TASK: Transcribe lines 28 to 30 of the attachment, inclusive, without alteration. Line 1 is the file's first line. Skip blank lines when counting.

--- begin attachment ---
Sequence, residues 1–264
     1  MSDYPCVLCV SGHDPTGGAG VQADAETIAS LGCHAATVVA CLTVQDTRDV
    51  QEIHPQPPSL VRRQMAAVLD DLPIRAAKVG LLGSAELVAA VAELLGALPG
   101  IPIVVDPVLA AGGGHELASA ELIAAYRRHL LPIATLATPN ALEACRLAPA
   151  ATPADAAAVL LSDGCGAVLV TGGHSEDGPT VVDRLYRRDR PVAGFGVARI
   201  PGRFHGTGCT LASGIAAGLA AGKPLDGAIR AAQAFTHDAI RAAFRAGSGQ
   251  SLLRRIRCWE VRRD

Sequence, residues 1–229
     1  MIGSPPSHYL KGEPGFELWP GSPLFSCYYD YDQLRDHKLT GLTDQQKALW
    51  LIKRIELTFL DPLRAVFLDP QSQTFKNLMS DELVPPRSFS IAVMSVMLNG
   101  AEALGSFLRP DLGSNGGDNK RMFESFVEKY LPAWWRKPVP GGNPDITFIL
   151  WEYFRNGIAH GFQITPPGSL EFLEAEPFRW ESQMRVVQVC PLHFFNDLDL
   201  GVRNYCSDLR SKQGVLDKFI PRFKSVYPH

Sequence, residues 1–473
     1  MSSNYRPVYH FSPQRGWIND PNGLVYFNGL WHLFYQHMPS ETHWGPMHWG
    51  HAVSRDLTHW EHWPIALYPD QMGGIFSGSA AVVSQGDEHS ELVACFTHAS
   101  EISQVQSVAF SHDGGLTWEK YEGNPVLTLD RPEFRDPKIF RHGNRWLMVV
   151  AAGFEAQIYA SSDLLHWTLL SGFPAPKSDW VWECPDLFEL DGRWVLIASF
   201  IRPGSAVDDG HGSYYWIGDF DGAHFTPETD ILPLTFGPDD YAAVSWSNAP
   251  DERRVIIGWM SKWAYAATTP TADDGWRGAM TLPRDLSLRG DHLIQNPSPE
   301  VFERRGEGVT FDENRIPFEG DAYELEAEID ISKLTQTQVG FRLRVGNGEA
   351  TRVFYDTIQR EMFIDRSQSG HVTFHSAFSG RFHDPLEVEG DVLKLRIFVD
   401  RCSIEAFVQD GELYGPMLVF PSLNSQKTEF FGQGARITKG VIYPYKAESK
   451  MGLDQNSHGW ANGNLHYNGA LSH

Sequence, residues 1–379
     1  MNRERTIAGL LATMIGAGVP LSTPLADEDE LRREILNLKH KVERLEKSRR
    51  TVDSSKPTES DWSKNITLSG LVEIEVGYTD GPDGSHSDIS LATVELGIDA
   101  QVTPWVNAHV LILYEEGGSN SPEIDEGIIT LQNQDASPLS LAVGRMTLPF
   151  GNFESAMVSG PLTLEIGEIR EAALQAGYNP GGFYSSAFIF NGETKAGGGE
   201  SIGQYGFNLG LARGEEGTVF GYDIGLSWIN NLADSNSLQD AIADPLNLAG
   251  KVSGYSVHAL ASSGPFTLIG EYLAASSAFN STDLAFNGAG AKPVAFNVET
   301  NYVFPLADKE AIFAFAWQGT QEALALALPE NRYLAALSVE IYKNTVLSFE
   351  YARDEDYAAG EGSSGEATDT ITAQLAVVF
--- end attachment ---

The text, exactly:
   101  QVTPWVNAHV LILYEEGGSN SPEIDEGIIT LQNQDASPLS LAVGRMTLPF
   151  GNFESAMVSG PLTLEIGEIR EAALQAGYNP GGFYSSAFIF NGETKAGGGE
   201  SIGQYGFNLG LARGEEGTVF GYDIGLSWIN NLADSNSLQD AIADPLNLAG